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I have worked with PATRIR (Romanian Peace Insitute) since 2002 as editor of the monthly online magazine Peace Journal (2002-2004), international research program coordinator for the Roma Holocaust Education (2006-2008) and as Coordination Support for the European Network for Civil Peace Services (www.en-cps.org) between 2007-2009.
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Psychotherapy, Clinical Psychology and Counselling (postgrad.)
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Dear Colleague, I thought that you and some of thosse coming for training might be interested in this new biography of Mahatma Gandhi
Best wishes, Rene Wadlow
Gandhi: A Political and Spiritual Life
(London: I.B. Tauris, 2006, 379pp.)
“I do daily perceive that while everything around me is ever changing, ever dying, there is underlying all that change a living power that is changeless, that holds all together, that creates, dissolves, and re-creates. That informing power or spirit is God. I see it as purely benevolent, for I can see in the midst of death, life persists. In the midst of untruth, truth persists. In the midst of darkness, light persists. Hence I gather that God is life, God is light, God is love. God is the supreme good.”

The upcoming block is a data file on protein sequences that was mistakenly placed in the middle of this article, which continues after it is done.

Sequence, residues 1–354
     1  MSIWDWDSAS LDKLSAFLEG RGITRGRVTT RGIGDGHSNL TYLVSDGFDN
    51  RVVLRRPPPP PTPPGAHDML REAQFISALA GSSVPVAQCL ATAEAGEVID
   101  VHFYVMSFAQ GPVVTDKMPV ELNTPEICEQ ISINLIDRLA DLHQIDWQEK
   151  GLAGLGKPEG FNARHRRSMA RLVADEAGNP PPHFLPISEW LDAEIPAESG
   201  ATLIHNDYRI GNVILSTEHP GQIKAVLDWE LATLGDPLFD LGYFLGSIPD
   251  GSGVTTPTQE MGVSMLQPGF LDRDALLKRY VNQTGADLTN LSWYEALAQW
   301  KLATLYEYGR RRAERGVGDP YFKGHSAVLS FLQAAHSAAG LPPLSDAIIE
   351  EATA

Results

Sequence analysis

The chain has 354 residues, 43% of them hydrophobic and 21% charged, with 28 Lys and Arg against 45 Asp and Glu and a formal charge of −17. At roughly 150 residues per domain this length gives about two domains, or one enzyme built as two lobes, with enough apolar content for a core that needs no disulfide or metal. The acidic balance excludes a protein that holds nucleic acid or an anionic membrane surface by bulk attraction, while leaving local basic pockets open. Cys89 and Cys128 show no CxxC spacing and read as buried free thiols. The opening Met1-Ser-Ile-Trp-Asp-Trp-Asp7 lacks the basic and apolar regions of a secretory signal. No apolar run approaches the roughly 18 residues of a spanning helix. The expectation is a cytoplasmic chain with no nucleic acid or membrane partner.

Mohandas K. Gandhi was born into a political family. His father was diwan of the small princely state of Porbandar. The diwan was the combination of prime minister and chief administrator — a function that was often passed on through the family. While Gandhi’s father died while he was finishing high school, the broader family saw the future of Mohandas as a political administrator, perhaps of an even larger princely state. As British control of India was growing, it was useful for a future political administrator to have an English law degree and to have seen English ways first hand. Thus in 1888 he was sent to England to get a law degree. He took his studies seriously and passed the examinations ranking high in his class. He acquired a taste for jurisprudence and for arguing in a legal maner. But as Kathryn Tidrick points out in this well-written biography, Gandhi understood that “a course of legal study was merely the gateway to a profession in which acumen, initiative and accumulation of experience would be factors deciding success.”
Gandhi had promised his mother to continue the family’s strict vegetarian diet and so he found vegetarian restaurants in London and made friends. He joined the editorial board of the newly-created The Vegetarian journal and started writing articles on Indian food. The journal editor, Josiah Oldfield, was a practicing barrister and social reformer. Through Oldfield, Gandhi met Edwin Arnold, author of a verse biography of the Buddha, The Light of Asia, and a verse translation of the Bhagavad Gita The Song Celestial and a verse life of Jesus The Light of the World. As Tidrick writes “ The Jesus of The Light of the World was not a god come to earth but a man who achieved perfection through renunciation and selfless love and thus became divine…Sin is imperfection and disappears as man become perfect.”